Oregon State University

Oysters on the Half-Shell

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Oyster lovers have been prime beneficiaries of the research done by Chris Langdon, COMES-Newport, and Yi-Cheng Su, COMES-Astoria.  

For more than a decade, Chris and his staff have successfully supported the oyster industry by developing superior broodstock, introducing new strains of Pacific and Kumamoto oysters, and by working with industry to solve major problems in producing larvae.  He's now working on transitioning the USDA-funded Molluscan Broodstock Program (MBP) to an industry-supported program.  Commercial hatcheries and farms will work with OSU and USDA-ARS researchers based at HMSC to continue to enhance broodstock through selective breeding.  A breeding program is especially important to counter the threats of global warming and ocean acidification that are predicted to have an increasingly adverse effect on oyster culture conditions in the 21st century.  (2013 update)

Chris will, however, continue his work on shellfish.  He’s involved in an NSF-funded project on the effects of ocean acidification on bivalve larvae, which deeply affects production, as well as on a project studying the toxicity to oysters and clams of oil from BP’s Deep Horizon oil spill.   In addition, he continues his work on the effects of Vibrio tubiashii on oyster larvae, and his research on the feeding physiology and ecology of the native oyster Ostrea lurida.  (For updates on the NSF project, follow the NSF, Oregon Public Broadcast or NBC Sciencenews update.)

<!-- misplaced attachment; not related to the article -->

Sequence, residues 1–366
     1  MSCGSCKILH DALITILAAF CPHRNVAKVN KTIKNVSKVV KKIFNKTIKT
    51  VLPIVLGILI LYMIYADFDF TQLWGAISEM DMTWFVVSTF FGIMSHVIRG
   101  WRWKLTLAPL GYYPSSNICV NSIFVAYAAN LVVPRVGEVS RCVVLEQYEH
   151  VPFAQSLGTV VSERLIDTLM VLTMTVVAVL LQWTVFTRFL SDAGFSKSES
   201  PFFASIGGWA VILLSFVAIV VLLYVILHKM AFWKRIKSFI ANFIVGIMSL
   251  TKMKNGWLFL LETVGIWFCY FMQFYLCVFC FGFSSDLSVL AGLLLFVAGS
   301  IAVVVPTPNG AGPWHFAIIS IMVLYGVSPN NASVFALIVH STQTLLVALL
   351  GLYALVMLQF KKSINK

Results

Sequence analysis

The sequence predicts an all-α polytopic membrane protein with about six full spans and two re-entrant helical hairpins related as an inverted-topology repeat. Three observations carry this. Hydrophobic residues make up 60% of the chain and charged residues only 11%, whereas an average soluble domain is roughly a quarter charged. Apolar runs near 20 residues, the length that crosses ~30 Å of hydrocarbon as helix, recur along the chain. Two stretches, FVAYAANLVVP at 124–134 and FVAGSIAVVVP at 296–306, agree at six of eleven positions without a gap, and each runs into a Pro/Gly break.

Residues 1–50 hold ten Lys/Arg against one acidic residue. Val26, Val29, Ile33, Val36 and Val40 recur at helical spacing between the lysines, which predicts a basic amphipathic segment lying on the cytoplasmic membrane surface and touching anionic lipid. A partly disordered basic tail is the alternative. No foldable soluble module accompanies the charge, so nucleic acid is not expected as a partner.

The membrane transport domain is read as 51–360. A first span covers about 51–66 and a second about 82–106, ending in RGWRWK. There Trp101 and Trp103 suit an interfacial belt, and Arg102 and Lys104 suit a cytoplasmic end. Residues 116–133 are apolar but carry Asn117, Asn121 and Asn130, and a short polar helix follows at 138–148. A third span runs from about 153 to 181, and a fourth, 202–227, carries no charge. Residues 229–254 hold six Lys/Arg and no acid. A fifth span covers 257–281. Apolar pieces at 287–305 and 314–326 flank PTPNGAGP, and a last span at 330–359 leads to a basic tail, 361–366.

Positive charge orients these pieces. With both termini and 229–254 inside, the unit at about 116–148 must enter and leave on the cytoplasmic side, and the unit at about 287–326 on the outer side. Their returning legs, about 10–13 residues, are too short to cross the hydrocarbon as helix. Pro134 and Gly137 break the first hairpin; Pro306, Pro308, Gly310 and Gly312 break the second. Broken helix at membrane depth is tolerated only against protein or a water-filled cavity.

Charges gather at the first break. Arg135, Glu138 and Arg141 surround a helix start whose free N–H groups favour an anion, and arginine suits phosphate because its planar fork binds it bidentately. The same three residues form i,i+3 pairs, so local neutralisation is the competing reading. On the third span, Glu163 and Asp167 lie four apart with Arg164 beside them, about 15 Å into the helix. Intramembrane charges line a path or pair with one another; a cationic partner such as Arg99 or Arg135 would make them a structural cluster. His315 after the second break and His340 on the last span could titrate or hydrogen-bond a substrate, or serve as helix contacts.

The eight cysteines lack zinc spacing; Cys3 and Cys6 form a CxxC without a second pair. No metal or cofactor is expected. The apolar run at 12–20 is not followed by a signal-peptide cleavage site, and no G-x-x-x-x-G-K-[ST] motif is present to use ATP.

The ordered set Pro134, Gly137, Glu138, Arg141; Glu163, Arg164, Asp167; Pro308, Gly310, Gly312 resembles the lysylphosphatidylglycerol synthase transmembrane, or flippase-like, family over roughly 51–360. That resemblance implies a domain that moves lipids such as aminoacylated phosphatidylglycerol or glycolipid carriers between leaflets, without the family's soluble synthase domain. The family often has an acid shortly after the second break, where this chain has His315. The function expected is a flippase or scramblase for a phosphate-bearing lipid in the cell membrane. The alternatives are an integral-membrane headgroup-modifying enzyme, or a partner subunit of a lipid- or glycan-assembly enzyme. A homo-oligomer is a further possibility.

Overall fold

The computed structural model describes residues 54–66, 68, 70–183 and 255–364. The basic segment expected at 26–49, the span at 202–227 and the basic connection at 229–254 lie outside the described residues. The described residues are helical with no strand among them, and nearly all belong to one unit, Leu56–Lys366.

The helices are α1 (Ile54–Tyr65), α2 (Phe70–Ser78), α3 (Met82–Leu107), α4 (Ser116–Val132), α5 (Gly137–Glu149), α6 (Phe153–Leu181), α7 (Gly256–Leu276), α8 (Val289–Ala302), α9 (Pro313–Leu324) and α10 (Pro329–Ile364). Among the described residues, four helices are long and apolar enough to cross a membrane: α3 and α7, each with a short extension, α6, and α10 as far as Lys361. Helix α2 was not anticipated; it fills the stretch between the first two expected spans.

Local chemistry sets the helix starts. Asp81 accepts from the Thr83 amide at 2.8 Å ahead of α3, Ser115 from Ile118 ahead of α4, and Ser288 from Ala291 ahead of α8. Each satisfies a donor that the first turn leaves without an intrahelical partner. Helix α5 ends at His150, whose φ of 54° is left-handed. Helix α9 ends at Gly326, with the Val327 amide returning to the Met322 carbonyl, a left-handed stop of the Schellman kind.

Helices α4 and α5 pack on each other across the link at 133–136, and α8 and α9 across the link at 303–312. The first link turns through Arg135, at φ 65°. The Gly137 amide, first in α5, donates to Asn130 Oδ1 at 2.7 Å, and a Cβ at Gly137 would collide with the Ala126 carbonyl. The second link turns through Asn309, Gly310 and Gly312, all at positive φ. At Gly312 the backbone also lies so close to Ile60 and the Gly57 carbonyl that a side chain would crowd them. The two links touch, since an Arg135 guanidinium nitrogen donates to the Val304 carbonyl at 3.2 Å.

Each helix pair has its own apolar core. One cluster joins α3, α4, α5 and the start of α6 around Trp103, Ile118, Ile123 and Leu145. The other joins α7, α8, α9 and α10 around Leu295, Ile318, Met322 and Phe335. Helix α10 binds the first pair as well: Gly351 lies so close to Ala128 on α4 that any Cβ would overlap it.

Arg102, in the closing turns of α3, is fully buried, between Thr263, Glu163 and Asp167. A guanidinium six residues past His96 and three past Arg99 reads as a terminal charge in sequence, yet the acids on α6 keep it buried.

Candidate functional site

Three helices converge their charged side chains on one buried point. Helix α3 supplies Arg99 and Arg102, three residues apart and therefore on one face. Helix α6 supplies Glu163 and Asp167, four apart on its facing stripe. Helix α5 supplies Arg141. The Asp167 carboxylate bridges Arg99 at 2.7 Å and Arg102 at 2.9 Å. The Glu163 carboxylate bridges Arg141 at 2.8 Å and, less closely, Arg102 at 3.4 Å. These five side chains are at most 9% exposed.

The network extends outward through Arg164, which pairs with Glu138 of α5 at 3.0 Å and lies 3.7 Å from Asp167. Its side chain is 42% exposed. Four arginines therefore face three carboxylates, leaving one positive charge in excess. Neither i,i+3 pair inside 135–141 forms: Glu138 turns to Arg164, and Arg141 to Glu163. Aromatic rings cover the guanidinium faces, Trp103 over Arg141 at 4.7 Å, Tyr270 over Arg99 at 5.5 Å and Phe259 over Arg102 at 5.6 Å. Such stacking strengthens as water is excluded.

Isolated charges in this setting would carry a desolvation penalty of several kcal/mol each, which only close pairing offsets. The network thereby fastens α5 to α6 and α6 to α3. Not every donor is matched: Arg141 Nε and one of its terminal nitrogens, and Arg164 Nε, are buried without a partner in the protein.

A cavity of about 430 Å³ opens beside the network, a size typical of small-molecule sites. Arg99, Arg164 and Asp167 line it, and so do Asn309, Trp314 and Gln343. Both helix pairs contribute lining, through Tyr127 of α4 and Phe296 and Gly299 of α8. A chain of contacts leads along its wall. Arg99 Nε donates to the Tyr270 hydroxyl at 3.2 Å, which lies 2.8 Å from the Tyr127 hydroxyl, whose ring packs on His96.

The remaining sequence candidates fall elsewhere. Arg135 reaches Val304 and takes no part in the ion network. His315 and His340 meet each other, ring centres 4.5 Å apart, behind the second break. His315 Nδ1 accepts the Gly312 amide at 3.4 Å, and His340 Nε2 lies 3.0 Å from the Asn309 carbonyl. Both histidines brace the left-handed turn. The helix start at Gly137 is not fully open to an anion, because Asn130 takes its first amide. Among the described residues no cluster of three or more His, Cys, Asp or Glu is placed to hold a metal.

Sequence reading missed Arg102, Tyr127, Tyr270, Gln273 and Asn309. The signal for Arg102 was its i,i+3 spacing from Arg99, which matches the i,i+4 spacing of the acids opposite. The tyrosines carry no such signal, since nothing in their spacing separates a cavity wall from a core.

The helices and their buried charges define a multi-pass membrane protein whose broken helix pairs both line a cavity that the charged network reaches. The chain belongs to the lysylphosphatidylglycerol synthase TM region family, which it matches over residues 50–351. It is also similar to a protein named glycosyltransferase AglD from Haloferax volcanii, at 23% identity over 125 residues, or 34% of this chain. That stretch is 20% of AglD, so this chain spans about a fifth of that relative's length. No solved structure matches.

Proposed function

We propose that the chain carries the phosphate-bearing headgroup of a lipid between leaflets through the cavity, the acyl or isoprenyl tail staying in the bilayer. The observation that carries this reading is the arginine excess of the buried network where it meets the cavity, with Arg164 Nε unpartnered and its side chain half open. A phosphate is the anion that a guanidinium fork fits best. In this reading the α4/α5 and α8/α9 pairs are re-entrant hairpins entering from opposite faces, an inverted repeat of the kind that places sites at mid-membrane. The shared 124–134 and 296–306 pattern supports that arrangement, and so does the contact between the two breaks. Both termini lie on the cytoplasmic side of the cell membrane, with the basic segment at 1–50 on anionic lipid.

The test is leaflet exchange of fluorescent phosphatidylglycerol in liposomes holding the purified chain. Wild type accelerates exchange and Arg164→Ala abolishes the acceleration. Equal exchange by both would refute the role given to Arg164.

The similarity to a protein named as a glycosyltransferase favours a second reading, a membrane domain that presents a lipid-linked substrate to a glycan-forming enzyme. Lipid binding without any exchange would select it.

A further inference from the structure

Yi-Cheng and his staff continue to develop post-harvest intervention strategies to eliminate pathogens from seafood for safe consumption. Efforts have focused on development of a low-temperature depuration process (allowing the oysters to continue their filtering activity in a tank of clean seawater, until contaminants are removed) for reducing Vibrio parahaemolyticus in raw oysters.  One of his students, Dunyu Xi, has explored the application of probiotics and green tea extract in post-harvest processes of Pacific oysters (Crassostrea gigas) for reducing Vibrio parahaemolyticus and extending shelf life.  Two others, Sureerat Phuvasate and Lei Ma, are working on projects to develop post-harvest processes for eliminating V. parahaemolyticus from shellfish by depuration and high pressure processing.  A fourth student, Jing Mou, is investigating the prevalence of foodborne pathogens in retail seafood.

UPDATE - 9/17/13 - Nisbet, Goose Point, and Ocean Acidification

UPDATE - 9/17/13 - Seattle Times Ocean Acidification Update and Video

UPDATE - 5/27/14 - Taylor Shellifish and Ocean Acidification

UPDATE - 10//13/14 - The Beauty of Oyster Farming Video

Oyster production

Contact Info

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Newport

2030 SE Marine Science Drive
Newport, OR  97365
Tel:  541 867-0230
(at the Hatfield 
Marine Science Center)

Astoria

2001 Marine Drive, Room 253
Astoria, OR  97103
503 325-4531
(at the Seafood Research 
& Education Center)